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Tenet Healthcare Corp

June 23, 2005 | From Times Staff and Wire Reports
About 400 employees at Tenet Healthcare Systems were evacuated Wednesday after a worker opened an envelope containing a white powder, which was later determined to be harmless, police said. The employee was decontaminated, said Anaheim Police Lt. Joe Vargas. The incident occurred about 10:30 a.m. when the woman opened the envelope at the healthcare provider's bill processing division in the 1500 block of Douglas Street, Vargas said.
May 4, 2005 | From Bloomberg News
Tenet Healthcare Corp., the second-largest U.S. hospital chain, said its first-quarter loss narrowed to $3 million as expenses for unpaid patient bills declined. The net loss shrank to 1 cent a share from $122 million, or 26 cents a share, a year earlier, when costs from the planned sale of unprofitable hospitals hurt results. Revenue slipped 2.9% to $2.5 billion, Dallas-based Tenet said.
April 28, 2005 | Lisa Girion, Times Staff Writer
The federal government intends to sue Tenet Healthcare Corp., its former Chief Executive Jeffrey C. Barbakow and five other former executives over the hospital chain's Medicare billing payments, the company said Wednesday. Tenet, the nation's second-largest hospital chain, abandoned its controversial billing practice in January 2003, a few months after it came to light.
March 11, 2005 | Lisa Girion
A judge has dropped two charges in an anti-kickback case against Tenet Healthcare Corp. but kept in place 18 other counts, including conspiracy, related to an alleged scheme by its Alvarado hospital in San Diego to bribe doctors to refer patients, the company said. Prosecutors brought the case to trial last fall. After four months of testimony and deliberation, jurors could not agree on a verdict, and the judge declared a mistrial in February. A second trial is expected to begin in early May.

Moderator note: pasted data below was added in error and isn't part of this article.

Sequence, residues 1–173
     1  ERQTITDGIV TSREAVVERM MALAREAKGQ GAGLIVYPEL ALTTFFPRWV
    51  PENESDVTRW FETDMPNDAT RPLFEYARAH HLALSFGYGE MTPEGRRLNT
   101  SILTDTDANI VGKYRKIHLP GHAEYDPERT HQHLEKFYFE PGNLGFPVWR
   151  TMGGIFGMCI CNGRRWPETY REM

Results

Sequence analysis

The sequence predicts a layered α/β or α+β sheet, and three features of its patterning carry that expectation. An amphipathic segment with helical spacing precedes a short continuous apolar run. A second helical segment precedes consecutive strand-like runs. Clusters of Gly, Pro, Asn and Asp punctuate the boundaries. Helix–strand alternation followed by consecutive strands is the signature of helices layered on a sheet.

March 10, 2005 | From Times Wire Services
Tenet Healthcare Corp. has completed the $70-million sale of four hospitals to a Southern California investment group. The sale gives Integrated Healthcare Holdings Inc. the 280-bed Western Medical Center Santa Ana, the 188-bed Western Medical Center Anaheim, the 114-bed Chapman Medical Center in Orange and the 178-bed Coastal Communities Hospital in Santa Ana.
March 9, 2005 | From Bloomberg News
Tenet Healthcare Corp., the second-largest U.S. hospital chain and the biggest in California, said its fourth-quarter loss widened to $2.02 billion on costs including a write-down in the value of hospitals in two regions. The loss amounted to $4.33 a share, compared with a loss of $954 million, or $2.05, a year earlier, Dallas-based Tenet said. Revenue fell 2% to $2.41 billion. Tenet had $1.
March 3, 2005 | Lisa Girion, By Lisa Girion Times Staff Writer
Florida's attorney general opened a new front in Tenet Healthcare Corp.'s legal battles Wednesday, accusing the hospital chain in a lawsuit of scheming to obtain better than $1 billion in improper payments from a Medicare fund. The lawsuit, filed in federal court in Miami, alleges that the nation's second-largest hospital company inflated charges at its 15 Florida facilities from 2000 to 2003 to squeeze more money than it was due from the fund. "They filed phony bills.
February 23, 2005 | From Bloomberg News
Prosecutors said Tuesday that they would retry a unit of Tenet Healthcare Corp., the second-largest U.S. hospital chain, and its San Diego hospital on criminal charges that they paid doctors in exchange for referrals. U.S. District Judge James Lorenz in San Diego scheduled the retrial for March 29. Lorenz's order comes less than a week after he declared a mistrial after jurors couldn't reach a unanimous verdict on any of the 20 counts.
February 18, 2005 | Lisa Girion, By Lisa Girion Times Staff Writer
The trial of Tenet Healthcare Corp. on charges that doctors were bribed to refer patients to its Alvarado Hospital Medical Center in San Diego ended Thursday in a hung jury. U.S. District Judge James Lorenz declared a mistrial after jurors reported they were deadlocked following five days of deliberations. U.S. Atty. Carol C. Lam said that she remained confident in the government's case and that a retrial was likely in light of a poll that showed the jury was leaning toward conviction.
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